As reported by multiple media outlets, the Pacific Maritime Association (PMA) held a press conference on February 4 to outline its latest contract offer to the International Longshore and Warehouse Union (ILWU). The proposed five-year agreement includes a commitment to continued 100% healthcare coverage for dockworkers (including the so-called Cadillac tax under the Affordable Healthcare Act), a 3% annual increase in wages, and an 11% increase in annual pension payments to USD 88,000 per year.
According to Jim McKenna, President & CEO of the PMA, his organization has made a “comprehensive and generous” offer that is also “as far as it can go.” PMA also released a YouTube video in which McKenna comments on the current offer and on the state and cause of West Coast congestion (to view the video, please visit: https://www.youtube.com/watch?v=FKv-T2zP7w8 ).
The Marine Exchange of Southern California reports that, as of the morning of February 5, 18 container vessels sit at anchor outside the Ports of Los Angeles and Long Beach. McKenna noted that an additional 24 ships are either anchored or offshore at the ports of Oakland, Tacoma and Seattle. He added that the PMA needs “to decide how much longer we are going to pay longshore workers to work slowly. These slowdowns are having the same result as a strike, except the workers are still getting a paycheck...We are truly close to gridlock...At some point the system will collapse under its own weight."
When asked specifically about the potential of a PMA lockout, McKenna was noncommittal. But he did note that, at the current rate of regression, the system could “grind to a halt” within “five days, seven days, two weeks.”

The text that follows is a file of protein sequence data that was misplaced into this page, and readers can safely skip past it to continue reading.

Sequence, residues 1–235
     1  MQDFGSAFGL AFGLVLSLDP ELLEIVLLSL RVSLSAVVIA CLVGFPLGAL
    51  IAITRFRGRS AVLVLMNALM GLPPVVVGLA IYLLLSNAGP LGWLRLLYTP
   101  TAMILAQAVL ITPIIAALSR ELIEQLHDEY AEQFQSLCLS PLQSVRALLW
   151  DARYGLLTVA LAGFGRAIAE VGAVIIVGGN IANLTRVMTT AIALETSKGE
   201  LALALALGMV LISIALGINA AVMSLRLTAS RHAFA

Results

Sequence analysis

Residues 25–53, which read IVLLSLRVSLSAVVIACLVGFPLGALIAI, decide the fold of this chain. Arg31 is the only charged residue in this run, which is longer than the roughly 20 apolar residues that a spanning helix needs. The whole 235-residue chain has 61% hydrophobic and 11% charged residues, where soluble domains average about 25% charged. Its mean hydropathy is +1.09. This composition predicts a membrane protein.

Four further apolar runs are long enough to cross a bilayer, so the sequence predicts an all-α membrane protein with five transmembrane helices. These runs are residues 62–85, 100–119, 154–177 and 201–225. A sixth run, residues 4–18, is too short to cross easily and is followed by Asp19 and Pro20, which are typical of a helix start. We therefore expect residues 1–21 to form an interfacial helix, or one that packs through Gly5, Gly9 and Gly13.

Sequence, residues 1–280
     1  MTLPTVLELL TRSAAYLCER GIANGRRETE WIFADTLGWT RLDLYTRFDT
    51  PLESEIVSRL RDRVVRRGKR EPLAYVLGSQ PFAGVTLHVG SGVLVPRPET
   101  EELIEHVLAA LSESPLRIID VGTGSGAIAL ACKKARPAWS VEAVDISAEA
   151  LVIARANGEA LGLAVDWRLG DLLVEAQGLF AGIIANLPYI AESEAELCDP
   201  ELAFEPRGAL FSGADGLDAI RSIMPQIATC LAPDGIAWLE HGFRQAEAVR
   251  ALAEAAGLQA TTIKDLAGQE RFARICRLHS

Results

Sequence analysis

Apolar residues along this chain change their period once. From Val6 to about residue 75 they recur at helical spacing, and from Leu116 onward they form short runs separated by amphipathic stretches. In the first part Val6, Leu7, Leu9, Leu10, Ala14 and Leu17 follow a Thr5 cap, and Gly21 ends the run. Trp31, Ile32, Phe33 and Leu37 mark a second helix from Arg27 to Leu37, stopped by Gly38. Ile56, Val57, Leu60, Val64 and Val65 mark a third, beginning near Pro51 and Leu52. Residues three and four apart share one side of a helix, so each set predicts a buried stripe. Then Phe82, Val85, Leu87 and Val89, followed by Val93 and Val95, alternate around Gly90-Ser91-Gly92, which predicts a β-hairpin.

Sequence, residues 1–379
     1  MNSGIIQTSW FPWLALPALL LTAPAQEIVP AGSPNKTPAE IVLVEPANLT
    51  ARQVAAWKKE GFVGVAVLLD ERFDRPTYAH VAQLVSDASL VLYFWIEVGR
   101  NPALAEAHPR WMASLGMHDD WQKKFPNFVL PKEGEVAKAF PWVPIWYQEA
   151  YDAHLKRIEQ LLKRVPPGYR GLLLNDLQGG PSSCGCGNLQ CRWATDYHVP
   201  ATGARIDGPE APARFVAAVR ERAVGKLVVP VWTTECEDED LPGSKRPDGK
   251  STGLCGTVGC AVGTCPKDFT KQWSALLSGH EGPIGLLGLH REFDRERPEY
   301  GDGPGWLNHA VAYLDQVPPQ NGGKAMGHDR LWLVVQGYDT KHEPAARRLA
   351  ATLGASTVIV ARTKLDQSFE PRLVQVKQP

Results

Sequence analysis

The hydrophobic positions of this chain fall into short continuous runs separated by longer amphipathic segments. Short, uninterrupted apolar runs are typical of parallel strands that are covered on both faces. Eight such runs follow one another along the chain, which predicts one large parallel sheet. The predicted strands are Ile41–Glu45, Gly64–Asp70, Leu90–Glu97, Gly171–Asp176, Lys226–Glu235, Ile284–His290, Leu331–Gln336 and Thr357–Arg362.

In a statement issued after the PMA press conference, the ILWU characterized itself as “trying to keep dock employers at the negotiating table to finish an agreement that is 'extremely close.'” ILWU President Robert McEllrath added that the union has “dropped almost all of our remaining issues to help get this settled — and the few issues that remain can be easily resolved.”
When asked about a potential lockout, McEllrath commented that “Closing the ports at this point would be reckless and irresponsible. This is the second time in recent memory,” he added, “that the employers have threatened to close ports at the final stages of negotiations. The union has not engaged in a port strike over the coast longshore contract since 1971, 44 years ago."
A lockout could potentially lead President Obama to invoke the Taft-Hartley Act, which would institute a mandatory 80-day cooling off period between the negotiating parties. In 2002, President Bush turned to Taft-Hartley after a PMA lockout had reached its tenth day. Invoking Taft-Hartley, however, would not guarantee improved productivity by dockworkers or solve the potential state of gridlock that McKenna is predicting.
SPARX logistics will continue to monitor this situation and keep our customers informed of the latest developments. If you have questions or concerns related to specific shipments, please feel free to contact your SPARX representative.